Long before cryptocurrencies, mobile payments and investments in the stock market, the economy of an area was based on exchanging a surplus good for another that was needed. Until the advent of coins and bills, bartering was the only known form of trade. A new study suggests that the germ of what we now know as the European economic system appeared at the end of the Bronze Age, thanks to the popularization of a measurement system and countless bronze fragments that functioned as currency.
The study, published in the Journal of Archaeological Science, details that measurement tools began to be used in southern Italy between 2300 and 1700 BC. These tools quickly spread throughout Europe and between 1200 and 800 BC they were already in use throughout the continent. Giancarlo Lago and Nicola Lalongo, the authors of the study, describe these utensils as follows: “The only weighing device known at that time was the balance: a simple horizontal beam of wood or bone, with a central support point and two saucers. hanging on each side ”.
Different researchers have found numerous bronze and metal deposits from this time throughout Europe, the meaning of which has not been unraveled. The locations of these clusters are distributed indistinctly in numerous environments. Nor do they follow a religious or ritual pattern, since, despite finding fragments of swords or axes, all the parts of the same object are never found. The analysis of more than 3,000 pieces from 150 deposits found in Italy and northeastern Germany revealed that these follow a very close proportion to the stone weights used in the balances. “The weight of the fragments is always a multiple of the same unit of measurement,” the researchers acknowledge. The weights vary between 8 and 10 grams, as does the shekel, the unit of measurement used in Mesopotamia and that always had an equivalent in silver.
The weights vary between 8 and 10 grams, like the shekel, the unit of measurement used in Mesopotamia and which always had an equivalent in silver.
The professor of Prehistory of the Autonomous University of Barcelona (UAB), Roberto Risch, points to an increase in the extraction and production of bronze: “The amount of metals that we find from 1300 BC is exponentially higher than that found in the Ancient Bronze Age. That means a lot of metal is being produced and there is a lot of metal in circulation. ” According to the researchers, this increase in the supply of bronze is explained by the fact that this material fulfills a double function: as a bargaining chip and as a raw material for making tools. Already in Mesopotamia, silver also fulfilled these same functions.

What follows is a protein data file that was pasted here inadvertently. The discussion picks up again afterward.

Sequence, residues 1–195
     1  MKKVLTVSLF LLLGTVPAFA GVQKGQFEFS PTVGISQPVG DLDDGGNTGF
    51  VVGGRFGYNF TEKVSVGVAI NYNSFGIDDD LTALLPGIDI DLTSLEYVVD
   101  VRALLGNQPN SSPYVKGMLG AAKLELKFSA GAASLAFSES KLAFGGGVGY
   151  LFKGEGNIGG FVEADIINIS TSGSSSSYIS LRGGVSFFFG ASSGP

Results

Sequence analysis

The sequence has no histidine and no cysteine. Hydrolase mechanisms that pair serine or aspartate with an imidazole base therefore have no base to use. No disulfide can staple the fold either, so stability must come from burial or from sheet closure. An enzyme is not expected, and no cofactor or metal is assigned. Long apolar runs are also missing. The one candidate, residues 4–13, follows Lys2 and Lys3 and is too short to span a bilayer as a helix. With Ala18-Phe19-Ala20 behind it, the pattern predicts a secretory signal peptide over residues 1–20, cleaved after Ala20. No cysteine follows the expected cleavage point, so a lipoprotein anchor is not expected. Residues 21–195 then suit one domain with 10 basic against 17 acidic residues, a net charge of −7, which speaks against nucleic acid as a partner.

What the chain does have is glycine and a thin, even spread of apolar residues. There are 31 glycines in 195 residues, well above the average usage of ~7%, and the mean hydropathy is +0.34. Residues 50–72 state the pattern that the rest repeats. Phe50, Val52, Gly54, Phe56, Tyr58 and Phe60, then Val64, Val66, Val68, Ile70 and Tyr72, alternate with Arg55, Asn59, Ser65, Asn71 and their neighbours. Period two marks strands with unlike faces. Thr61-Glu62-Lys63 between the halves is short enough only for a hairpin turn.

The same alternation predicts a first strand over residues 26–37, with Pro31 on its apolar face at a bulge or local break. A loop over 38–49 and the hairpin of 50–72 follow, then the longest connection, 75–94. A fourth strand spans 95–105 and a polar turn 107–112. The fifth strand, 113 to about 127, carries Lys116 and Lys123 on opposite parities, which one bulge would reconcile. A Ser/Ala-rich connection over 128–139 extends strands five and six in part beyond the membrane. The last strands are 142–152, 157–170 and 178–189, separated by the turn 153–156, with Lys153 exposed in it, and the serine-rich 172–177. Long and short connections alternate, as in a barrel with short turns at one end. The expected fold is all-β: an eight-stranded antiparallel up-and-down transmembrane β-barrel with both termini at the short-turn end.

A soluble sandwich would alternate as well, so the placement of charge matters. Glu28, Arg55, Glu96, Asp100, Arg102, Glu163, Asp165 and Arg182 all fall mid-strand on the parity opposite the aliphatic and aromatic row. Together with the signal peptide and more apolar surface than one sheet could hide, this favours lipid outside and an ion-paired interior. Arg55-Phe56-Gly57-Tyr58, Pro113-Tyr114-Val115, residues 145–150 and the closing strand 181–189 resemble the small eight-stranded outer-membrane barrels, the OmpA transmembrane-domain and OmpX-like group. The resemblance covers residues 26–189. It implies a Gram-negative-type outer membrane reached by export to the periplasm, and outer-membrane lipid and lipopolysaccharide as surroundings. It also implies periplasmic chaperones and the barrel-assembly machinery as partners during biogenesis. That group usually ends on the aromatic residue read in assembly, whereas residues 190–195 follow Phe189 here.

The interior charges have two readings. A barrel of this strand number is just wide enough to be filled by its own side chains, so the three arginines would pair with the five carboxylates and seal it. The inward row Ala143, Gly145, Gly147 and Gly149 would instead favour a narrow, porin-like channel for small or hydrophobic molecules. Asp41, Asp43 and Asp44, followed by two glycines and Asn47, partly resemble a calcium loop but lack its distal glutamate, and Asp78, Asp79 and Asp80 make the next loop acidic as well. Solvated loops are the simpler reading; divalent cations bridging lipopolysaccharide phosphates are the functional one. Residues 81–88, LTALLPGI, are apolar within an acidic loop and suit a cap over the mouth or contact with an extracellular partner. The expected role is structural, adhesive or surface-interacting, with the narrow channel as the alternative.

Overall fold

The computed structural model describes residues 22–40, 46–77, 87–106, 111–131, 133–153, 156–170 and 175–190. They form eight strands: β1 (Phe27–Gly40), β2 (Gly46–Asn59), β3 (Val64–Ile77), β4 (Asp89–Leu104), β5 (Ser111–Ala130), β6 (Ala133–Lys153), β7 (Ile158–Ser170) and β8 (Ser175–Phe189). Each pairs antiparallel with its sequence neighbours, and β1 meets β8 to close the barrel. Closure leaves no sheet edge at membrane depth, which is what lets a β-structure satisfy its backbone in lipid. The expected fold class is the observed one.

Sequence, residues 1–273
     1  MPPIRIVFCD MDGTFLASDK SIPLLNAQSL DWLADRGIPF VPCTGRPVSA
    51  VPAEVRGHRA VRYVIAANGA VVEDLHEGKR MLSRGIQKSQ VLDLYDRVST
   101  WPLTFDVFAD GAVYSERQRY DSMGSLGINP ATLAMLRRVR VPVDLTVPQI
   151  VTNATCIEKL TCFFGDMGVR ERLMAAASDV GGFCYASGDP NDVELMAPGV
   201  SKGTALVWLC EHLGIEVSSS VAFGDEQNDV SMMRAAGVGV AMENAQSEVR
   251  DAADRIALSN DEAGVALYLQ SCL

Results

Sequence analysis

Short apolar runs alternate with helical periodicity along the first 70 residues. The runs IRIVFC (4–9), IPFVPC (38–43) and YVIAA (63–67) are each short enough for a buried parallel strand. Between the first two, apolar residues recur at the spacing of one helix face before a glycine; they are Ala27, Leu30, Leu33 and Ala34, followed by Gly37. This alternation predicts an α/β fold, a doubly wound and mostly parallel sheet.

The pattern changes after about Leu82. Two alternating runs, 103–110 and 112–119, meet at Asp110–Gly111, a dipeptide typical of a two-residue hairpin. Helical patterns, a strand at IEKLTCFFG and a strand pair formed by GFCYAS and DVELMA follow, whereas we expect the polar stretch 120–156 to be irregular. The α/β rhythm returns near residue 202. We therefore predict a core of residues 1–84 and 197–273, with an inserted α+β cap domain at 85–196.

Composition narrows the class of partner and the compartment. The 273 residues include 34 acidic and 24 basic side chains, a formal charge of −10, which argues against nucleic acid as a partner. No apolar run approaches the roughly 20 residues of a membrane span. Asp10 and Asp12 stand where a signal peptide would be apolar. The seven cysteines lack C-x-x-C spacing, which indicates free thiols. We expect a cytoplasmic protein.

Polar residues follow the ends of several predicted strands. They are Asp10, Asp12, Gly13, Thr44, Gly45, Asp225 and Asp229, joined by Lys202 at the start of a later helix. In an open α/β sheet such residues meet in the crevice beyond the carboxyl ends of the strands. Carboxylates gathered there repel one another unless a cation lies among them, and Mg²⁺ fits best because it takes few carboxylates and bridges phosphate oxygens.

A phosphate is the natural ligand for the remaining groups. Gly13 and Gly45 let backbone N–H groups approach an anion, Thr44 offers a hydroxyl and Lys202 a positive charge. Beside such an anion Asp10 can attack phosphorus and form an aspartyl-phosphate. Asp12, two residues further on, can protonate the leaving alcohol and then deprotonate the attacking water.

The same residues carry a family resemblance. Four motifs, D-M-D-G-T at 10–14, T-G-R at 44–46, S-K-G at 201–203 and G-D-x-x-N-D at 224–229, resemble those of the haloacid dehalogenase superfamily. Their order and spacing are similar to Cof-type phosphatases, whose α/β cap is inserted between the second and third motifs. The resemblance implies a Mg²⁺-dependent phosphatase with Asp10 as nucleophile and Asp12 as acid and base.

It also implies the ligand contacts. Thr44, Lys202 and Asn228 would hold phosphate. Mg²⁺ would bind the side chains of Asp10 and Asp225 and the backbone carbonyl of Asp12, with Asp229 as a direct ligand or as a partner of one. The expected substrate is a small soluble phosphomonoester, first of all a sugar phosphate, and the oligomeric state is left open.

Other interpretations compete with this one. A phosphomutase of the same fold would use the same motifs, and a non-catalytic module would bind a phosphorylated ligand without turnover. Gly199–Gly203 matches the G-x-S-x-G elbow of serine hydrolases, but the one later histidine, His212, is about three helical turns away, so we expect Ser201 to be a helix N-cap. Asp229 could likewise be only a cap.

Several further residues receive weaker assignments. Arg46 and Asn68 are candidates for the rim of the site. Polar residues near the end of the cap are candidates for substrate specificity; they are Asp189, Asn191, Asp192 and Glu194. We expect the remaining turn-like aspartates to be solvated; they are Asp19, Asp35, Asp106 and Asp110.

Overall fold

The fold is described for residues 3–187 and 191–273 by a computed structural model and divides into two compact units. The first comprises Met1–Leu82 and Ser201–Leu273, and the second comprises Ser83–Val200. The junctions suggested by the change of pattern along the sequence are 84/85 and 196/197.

In addition, this material is distributed throughout the continent, even in areas where there were no mines of this type, such as the Scandinavian countries and the Mediterranean. Risch wonders how such quantities of that material could get within 800 kilometers of where it was extracted and answers his own question: “By exchange.” The same expert explains that the intrinsic value of bronze comes from the laboriousness of its elaboration (extraction, reduction and smelting of the mineral, forging the metal, etc.). That, added to its small size that makes it easy to transport and the possibility of being able to melt it to make a new piece, places bronze as the perfect material to function as a coin. It is the same logic that we follow today. “It is much more common to pay with small bills of 5 or 10 euros than with one of 100 or 500”, summarize Lalongo and Lago.
“We always think that the origin of the currency had to be gold,” says the professor from the Autonomous University of Barcelona, ”but it is the least appropriate material because it is too limited in nature.” The only mineral abundant enough to establish itself as a bargaining chip was silver, although most of it was found in the Middle East. Europe, for its part, was rich in copper mines. Risch does not rule out that at some point other material was used, although he believes that it is impossible to know today: “There could be another type of currency, such as textiles or grain, but archaeologically we are not able to recognize it as such.”
“This study gives very solid evidence that, in addition to currencies, there is a measurable exchange system. For the modern man it is something obvious, but for the formation of the currency and the markets it is not so obvious ”, considers Risch. Researchers believe that the existence of money in Prehistory may represent a full stop in our concept of the modern world. “If we admit that Western civilizations were not responsible for the invention of money, perhaps we can begin to banish the prejudices that support our supposed superiority,” they say.
Eddie is an Australian news reporter with over 9 years in the industry and has published on Forbes and tech crunch.